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1419 views
05:23 May-09-2001

Dipl-Ing. Christoph Müller

Consultant, Process Validation
Austria,
Joined May 2001
1
Bubble detection in high-viscous gel

We have the problem of air bubbles in a high-viscous gel used for in-vitro diagnostics. The gel is under pressure and flowing very slowly through a metallic pipe of about 30 mm in diameter.

Is there a possibility to detect these air bubbles with ultrasonic-equipment. Asking for help/contacts.

Christoph Müller


 
05:37 May-09-2001

Tom Nelligan

Engineering,
retired,
USA,
Joined Nov 1998
390
Re: Bubble detection in high-viscous gel : We have the problem of air bubbles in a high-viscous gel used for in-vitro diagnostics. The gel is under pressure and flowing very slowly through a metallic pipe of about 30 mm in diameter.
.
: Is there a possibility to detect these air bubbles with ultrasonic-equipment. Asking for help/contacts.

You didn't indicate the size of the bubbles, but assuming that they are on the order of one-half millimeter in diameter or larger, it should be possible to detect them with conventional ultrasinic equipment. However, assuming also that they may occur anywhere in the 30 mm diameter stream, it will be necessary to use a number of transducers and multiple instrumentation channels to comprehensively inspect 100% of the gel volume. So yes, your proposed test is probably possible with a multi-channel system.

The Panametrics affiliate in Austria is Panametrics Messtechnik GmbH. You will find a link to them on our home page at .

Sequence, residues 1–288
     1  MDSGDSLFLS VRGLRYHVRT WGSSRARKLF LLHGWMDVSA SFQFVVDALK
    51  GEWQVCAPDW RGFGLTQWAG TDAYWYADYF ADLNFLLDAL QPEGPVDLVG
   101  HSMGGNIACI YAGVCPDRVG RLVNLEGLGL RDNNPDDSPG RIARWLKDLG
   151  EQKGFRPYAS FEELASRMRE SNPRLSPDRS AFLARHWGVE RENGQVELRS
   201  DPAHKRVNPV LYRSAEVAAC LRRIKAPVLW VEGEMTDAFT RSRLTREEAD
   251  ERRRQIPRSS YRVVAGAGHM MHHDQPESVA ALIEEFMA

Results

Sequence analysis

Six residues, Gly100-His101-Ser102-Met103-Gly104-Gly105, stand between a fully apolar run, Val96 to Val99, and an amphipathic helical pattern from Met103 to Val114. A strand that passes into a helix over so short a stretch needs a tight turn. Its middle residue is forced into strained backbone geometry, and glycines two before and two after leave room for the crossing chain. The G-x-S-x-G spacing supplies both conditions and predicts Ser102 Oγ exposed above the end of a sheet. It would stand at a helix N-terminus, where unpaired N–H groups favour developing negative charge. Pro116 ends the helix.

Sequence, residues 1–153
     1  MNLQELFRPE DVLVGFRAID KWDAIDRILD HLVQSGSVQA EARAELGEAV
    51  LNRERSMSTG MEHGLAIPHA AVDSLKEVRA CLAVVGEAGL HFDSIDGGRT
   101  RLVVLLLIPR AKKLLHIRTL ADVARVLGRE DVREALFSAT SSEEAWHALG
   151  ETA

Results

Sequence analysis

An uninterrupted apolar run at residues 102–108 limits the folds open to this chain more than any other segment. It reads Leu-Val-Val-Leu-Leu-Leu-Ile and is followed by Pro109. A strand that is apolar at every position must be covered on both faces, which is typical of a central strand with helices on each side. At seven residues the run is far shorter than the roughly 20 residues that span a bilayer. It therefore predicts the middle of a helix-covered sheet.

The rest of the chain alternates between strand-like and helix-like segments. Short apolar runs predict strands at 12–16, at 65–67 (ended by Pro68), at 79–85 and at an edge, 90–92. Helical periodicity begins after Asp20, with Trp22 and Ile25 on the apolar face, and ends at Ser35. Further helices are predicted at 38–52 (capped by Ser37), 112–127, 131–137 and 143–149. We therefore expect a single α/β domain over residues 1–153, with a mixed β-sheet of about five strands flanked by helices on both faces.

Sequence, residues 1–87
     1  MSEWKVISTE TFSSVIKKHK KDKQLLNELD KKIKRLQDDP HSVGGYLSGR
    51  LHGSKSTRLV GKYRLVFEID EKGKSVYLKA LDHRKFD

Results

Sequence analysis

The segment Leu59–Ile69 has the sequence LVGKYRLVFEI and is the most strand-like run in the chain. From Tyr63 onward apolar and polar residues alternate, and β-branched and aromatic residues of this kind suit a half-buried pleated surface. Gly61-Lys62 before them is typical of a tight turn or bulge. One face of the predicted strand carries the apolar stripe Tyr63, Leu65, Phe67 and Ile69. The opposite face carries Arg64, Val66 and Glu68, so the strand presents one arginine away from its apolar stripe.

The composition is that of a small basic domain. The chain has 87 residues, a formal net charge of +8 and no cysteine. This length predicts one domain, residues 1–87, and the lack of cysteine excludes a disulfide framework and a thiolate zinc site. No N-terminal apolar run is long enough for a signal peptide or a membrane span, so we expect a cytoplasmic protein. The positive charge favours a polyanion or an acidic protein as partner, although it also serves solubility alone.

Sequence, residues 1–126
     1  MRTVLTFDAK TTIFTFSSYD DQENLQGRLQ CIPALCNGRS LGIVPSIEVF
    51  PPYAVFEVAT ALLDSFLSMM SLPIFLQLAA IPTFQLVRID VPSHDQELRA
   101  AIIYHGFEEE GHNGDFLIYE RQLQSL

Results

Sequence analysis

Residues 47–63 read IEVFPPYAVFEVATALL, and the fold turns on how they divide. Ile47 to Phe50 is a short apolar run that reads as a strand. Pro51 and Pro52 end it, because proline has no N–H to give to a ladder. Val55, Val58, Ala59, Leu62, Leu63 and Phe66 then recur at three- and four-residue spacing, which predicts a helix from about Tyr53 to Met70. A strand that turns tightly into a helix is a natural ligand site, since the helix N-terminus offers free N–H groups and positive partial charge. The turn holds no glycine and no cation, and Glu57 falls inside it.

--Tom Nelligan



 
06:10 May-09-2001

Dr. Patel

R & D, Consultant to Universities/Industries
Fallon Ultrasonics/McMaster University,
Canada,
Joined May 2001
20
Re: Bubble detection in high-viscous gel : We have the problem of air bubbles in a high-viscous gel used for in-vitro diagnostics. The gel is under pressure and flowing very slowly through a metallic pipe of about 30 mm in diameter.
.
: Is there a possibility to detect these air bubbles with ultrasonic-equipment. Asking for help/contacts.
.
: Christoph Müller
.We have sold the system to many univeristy where they are studying air bubbles and particles. The frequency selection is important. Yes they are measuring both the number of particles and also tracking the particles within the beam of transducer. The software comes with the system and some other group has also tried in latex materials. Thus, it is possible with single channel or dual channel system. One can measure the attenuation and velocity and second channel will measure the counts of particles within the selected region and track the particles. We need following information
1. What is the attenuation in the gel
2. The bubble size
3. This allow us to configure the system power and sensor frequency

Regards

Dr. Patel



 
07:13 May-09-2001
^Wieslaw Bicz
Re: Bubble detection in high-viscous gel : We have the problem of air bubbles in a high-viscous gel used for in-vitro diagnostics. The gel is under pressure and flowing very slowly through a metallic pipe of about 30 mm in diameter.
.
: Is there a possibility to detect these air bubbles with ultrasonic-equipment. Asking for help/contacts.
.
: Christoph Müller
.
May be it would be better to remove this bubbles. In this case it would be possible to do it with ultrasound and it could be very effective.
If you are interested, we can help in implementing this solution.


 
04:07 May-10-2001

jean paul van Cuyck

Director
A2MS, Applied Acoustics, Materials and Systems,
France,
Joined Nov 1998
13
Re: Bubble detection in high-viscous gel : We have the problem of air bubbles in a high-viscous gel used for in-vitro diagnostics. The gel is under pressure and flowing very slowly through a metallic pipe of about 30 mm in diameter.
.
: Is there a possibility to detect these air bubbles with ultrasonic-equipment. Asking for help/contacts.
.
: Christoph Müller
.

Conceptually yes.

In fact the aim problem is to find the compromise between the buble size, frequency resolution and sound attenuation.
You can even try to use the buble resonance frequency. It depend on the medium and the viscosity.

I have worked on the sound propagation through particle cloud (buble, plankton, mineral particle).
I could help you if you need.


 


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